Unknown Found: Finding My Way on Spain's Camino de Santiago

Unknown Found: Finding My Way on Spain's Camino de Santiago

Written by Shannon O’Donnell on

Shannon O'Donnell is a long-term traveler who has been on the road since 2008 and has lived everywhere from Southeast Asia to Barcelona, where she now calls home. She travels slowly and supports responsible tourism along the way, winning numerous awards for her work advocating for the communities impacted by travel and tourism.

Unknown Found: Finding My Way on Spain's Camino de Santiago

When my nieces and nephews reach middle school, they know it’s time to start planning an adventure—I promised them each that I would take them somewhere in the world they find intriguing. My oldest niece backpacked across Southeast Asia with me in 2008, and my nephews and I took a month-long road trip of the Yucatan Peninsula in 2014. It surprised me when the last one announced that she wanted to hike the Camino with me—the Camino de Santiago Frances is a 500 mile (800 kilometer) pilgrimage in Spain. She wasn’t an avid hiker, but with face of high school just around the corner, the Camino promised us both the opportunity to go on a technology detox and take a close look at our lives.

Undertaking this long walk meant not only time for self-reflection, but five weeks of daily mileage counts that topped 15 miles (25 kilometers) a day on the regular. Neither of us knew quite what to expect from the Camino de Santiago Frances—the route we chose among the handful of popular paths snaking across southern Europe. Our route would start in the south of France, cross the Pyrenees mountains, and steadily make its way to Santiago de Compostela, the town in northwestern Spain where all pilgrims finish.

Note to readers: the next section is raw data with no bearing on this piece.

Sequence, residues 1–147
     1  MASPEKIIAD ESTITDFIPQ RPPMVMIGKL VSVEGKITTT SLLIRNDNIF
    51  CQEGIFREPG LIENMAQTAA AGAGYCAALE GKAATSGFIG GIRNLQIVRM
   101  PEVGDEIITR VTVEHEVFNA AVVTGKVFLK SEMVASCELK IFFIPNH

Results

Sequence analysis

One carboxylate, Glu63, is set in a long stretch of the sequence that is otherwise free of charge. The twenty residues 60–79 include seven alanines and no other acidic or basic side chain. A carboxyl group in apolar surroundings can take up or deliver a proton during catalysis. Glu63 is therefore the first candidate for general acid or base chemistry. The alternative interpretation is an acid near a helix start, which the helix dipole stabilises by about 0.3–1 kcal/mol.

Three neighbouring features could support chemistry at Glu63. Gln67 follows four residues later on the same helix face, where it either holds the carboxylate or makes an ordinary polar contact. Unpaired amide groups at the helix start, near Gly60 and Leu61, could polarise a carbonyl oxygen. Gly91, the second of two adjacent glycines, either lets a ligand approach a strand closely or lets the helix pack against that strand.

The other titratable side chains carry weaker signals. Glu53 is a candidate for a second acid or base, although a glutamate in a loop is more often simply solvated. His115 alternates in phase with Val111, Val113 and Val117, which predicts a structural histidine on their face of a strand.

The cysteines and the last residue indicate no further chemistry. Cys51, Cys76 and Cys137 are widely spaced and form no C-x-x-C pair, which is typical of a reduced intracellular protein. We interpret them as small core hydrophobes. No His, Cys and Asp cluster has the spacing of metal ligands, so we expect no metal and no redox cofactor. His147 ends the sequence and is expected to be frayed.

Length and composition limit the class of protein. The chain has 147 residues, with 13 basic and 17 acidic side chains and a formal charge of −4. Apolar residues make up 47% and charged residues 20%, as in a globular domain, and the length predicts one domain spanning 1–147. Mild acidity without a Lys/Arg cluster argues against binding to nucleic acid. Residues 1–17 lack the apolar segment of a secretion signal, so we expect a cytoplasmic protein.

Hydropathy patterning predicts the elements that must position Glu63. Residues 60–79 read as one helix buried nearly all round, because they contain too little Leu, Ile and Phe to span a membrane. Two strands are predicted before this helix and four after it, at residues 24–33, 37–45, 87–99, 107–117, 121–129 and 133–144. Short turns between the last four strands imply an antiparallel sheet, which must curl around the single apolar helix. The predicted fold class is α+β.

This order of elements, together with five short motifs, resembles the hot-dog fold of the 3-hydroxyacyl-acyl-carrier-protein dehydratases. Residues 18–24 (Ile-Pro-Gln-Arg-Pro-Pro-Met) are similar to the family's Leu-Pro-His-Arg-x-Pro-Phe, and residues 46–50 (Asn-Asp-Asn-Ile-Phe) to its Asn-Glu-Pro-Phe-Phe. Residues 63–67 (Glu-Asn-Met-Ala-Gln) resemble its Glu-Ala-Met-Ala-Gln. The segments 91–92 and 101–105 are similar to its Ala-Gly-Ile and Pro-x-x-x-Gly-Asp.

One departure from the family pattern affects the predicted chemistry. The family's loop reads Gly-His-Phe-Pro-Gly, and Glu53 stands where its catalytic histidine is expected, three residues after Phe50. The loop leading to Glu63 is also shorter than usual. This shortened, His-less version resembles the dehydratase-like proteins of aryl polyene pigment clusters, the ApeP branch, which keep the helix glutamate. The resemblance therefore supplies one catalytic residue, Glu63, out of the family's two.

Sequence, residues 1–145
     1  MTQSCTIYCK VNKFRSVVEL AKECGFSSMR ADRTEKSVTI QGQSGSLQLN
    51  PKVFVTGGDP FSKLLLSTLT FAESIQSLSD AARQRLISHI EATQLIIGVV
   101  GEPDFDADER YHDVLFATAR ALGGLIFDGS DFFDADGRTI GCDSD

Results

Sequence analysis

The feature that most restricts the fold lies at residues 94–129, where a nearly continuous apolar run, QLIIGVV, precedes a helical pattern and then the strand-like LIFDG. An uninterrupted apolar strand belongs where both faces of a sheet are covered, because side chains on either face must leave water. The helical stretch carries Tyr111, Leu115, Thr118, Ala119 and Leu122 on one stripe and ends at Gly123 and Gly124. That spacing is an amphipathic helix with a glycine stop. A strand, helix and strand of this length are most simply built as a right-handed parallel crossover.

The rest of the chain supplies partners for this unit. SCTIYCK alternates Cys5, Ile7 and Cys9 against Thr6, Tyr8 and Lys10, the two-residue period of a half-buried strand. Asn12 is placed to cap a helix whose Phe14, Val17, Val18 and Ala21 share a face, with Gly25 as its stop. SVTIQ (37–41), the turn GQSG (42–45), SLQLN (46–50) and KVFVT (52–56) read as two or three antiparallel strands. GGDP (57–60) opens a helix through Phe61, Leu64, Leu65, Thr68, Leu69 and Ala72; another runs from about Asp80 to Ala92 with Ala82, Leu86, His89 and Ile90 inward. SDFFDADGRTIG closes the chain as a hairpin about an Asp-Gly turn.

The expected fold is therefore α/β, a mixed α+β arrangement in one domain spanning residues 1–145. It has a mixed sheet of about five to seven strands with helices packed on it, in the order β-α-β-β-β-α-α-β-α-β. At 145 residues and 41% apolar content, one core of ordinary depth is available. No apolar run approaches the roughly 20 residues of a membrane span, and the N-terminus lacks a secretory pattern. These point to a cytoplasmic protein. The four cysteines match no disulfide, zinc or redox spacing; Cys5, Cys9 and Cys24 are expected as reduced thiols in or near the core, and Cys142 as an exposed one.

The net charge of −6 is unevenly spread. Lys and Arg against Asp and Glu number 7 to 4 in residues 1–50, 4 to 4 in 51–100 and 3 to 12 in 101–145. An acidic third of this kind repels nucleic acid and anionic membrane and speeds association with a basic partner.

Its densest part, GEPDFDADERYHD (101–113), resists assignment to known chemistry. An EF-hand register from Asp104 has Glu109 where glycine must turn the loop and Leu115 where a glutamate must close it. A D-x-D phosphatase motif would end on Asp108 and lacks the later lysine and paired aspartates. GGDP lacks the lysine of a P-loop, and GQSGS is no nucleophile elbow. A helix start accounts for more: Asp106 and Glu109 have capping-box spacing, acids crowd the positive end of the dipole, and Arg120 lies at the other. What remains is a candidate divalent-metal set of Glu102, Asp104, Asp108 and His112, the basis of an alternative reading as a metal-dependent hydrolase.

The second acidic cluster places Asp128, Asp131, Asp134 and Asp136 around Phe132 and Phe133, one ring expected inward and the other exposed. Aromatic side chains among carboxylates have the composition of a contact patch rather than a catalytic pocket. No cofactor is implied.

Finding Our Way

A core tenant of the Camino is that you should “walk your own Camino.” The word camino means way or path in Spanish, and hikers mean it literally and figuratively. There is no “right way” to do it, and walking the Camino with a kid meant we were already on a different path that others. That took adjustment from us both. Neither of us are hikers, and forums online claimed anyone can walk the Camino, given enough time and motivation. We took that to heart, and found that, while true, it also put a shine on the very real physical and mental blocks it takes to stare at 33 days of long-distance hiking with a backpack strapped to your person.

I’d love to say that I was the paragon of strength for my niece—that the Camino never broke me and it was all roses and sunshine, that I got her there as the fearless adult leading her forward. The truth is, we both traded our moments of reckoning—our moments of feeling defeated, sad, and confused. One morning as we strapped on our gear at the crack of dawn, she laid down the law with me: she would carry my daypack and hers and she wouldn’t take no for an answer. I had twinged my hip the day before and tried to push through like a martyr, but she realized before I did that we had to rely on each other if we hoped to reach the end.

Over the neverending march of days, we traded and shared joys, too. If you want true insight into the mind of a teenager in your life, turn off data on their cell phone and listen to their stream fears, dreams, and hope. We learned how to cope with what seemed like impossible mountains looming ahead—it’s easy to say we did it one step at a time (which we did), but we manifested our own joy as we chugged up those Spanish mountains. The song I'm Gonna Be (500 Miles) by the Proclaimers became our theme song while we photographed an endless parade of historic churches, and while we laughed with new friends as we walked ever onward toward Santiago.

Weeks later, with dust and crime baked into every crevice of our hiking shoes, we arrived at the final seashell—the symbol leading pilgrims along the way—and stood in the towering shade of the Santiago de Compostela Cathedral. When we both took our first step all those weeks before, we had no idea what would await on the other side of 500 miles. Arriving together, exhausted, overwhelmed, and feeling accomplished, we looked back to realize no amount of online advice or preparation could have prepared us for what it would be like to find our unknowns on the path to Santiago.

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